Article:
The work I create reflects emotions involving gender identity related to woman and her journey, from birth to her passage through the veil, and beyond.

"Creation Circuit"

I entered into a discussion with a friend about the possibility of having a child with my current partner. I mentioned that we were considering a few options, including finding a suitable sperm donor. She looked at me with confusion and said, "Why do you need a sperm donor? Why can't the two of you have a baby?" I gave her a minute to process what she had just said, and then the light came on. "Oh my Goddess! I had never thought about the fact that you are both women!" This conversation inspired me to make Creation Circuit.

Creation Circuit is a three piece steal gate that attaches to a tall blood red picket fence. The two outer gate pieces, each 5.5' x 2.5', are bent into the vague silhouettes of women facing into each other. The centre gate piece that acts as the door is a 4.75' x 2.5' rounded rectangle. The centre of each piece contains a series of brushed steel circular vines that indicate a spiral growth pattern, moving in and out of each piece. In the centre of the door piece is a stone that appears to be the source of the surrounding growth. In all three pieces there is a series of 1/2" round bar painted blood red that on either end piece, joins up to an oval stone. When all three gate pieces are lined up, the spiral growth, the red round bar and the stones inside the gate frame become a large image of what I imagine procreation by two females would look like. The red round bar forms the vagina, cervix and uterus in the door piece, and the fallopian tubes in the two outside pieces. The oval stones in the two outside pieces are the ovaries, and the stone in the door piece is the egg having been fertilized and is beginning its growth. I have always pictured the chemistry of the first moments of a fertilized egg to be like fireworks, an explosion of hormones and DNA.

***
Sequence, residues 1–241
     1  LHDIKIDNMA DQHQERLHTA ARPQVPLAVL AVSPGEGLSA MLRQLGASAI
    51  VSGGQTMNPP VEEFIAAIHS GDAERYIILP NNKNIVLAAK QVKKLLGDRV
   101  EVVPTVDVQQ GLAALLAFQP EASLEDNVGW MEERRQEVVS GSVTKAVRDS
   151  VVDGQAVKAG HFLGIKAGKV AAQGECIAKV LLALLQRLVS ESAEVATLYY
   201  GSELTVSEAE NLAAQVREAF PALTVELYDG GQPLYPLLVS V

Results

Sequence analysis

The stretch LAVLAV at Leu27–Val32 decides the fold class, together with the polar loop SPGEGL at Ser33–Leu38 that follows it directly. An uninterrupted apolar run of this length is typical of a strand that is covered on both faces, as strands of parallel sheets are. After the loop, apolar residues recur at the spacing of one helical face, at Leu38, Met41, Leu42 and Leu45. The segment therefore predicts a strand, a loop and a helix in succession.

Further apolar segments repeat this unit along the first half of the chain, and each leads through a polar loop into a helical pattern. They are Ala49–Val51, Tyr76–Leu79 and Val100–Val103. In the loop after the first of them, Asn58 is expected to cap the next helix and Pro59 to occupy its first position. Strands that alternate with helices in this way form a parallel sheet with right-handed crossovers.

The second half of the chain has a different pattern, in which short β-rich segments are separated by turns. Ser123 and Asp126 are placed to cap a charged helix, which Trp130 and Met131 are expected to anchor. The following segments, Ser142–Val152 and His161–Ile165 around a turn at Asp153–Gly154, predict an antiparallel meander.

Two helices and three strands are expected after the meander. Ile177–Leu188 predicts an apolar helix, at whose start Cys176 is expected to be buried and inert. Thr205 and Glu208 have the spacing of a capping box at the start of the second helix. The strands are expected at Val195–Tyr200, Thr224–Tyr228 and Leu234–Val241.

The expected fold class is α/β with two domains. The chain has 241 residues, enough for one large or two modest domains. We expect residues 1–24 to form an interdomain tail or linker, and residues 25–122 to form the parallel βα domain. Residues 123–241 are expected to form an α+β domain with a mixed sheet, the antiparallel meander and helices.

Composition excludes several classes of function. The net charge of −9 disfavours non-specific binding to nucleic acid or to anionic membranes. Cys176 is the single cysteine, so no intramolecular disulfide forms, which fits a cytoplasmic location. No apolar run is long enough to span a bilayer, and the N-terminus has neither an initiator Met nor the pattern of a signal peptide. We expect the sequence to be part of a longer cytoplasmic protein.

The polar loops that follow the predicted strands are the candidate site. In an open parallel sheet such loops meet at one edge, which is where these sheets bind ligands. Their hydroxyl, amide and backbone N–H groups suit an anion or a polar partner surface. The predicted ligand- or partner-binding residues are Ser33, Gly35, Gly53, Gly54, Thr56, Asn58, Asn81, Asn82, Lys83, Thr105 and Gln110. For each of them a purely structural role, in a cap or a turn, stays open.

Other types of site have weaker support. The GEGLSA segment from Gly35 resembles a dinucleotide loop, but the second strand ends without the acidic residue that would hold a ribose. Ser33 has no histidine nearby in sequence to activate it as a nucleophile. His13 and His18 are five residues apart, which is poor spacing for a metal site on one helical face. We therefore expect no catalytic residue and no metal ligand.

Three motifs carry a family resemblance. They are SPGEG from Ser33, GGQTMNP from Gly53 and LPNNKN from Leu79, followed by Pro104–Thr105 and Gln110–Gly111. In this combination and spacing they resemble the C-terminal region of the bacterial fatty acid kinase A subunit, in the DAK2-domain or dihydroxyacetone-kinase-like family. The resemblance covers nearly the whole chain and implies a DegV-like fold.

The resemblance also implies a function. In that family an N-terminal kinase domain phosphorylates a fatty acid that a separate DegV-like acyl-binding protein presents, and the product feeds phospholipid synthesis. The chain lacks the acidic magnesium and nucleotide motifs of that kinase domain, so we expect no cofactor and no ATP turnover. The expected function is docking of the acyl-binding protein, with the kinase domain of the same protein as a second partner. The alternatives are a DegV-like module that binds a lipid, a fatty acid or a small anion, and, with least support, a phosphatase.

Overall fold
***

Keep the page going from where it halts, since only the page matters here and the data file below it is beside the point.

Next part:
Although it is fully functional outside, it is meant to be installed in a gallery so that the red picket fence follows along the walls of the entire gallery space and the gate is the means of entrance into the exhibition space.

Creation Circuit is about menstruation, procreation, sexuality, life, etc., and is meant to look at why our society finds it so hard to accept that those who bleed and give life, can also love and nurture and provide for that life together.

"Padded" - (Images 1 to 4)

"Padded" was inspired, in part by my recent introduction to homemade, terry cloth menstrual nappies, and in part by Gloria Steinem's essay entitled, If Men Could Menstruate.

"Padded" was created by covering a XL fleece vest with clean, fresh, whiter-than-white menstrual pads in a pattern that mimicked a quilted down ski vest sized to fit a large male. The tampons were added as decoration, loosely referring to the North American native cultures that would honour woman during her moon-time by isolating her in a menstrual hut where she could be with her powerful energy.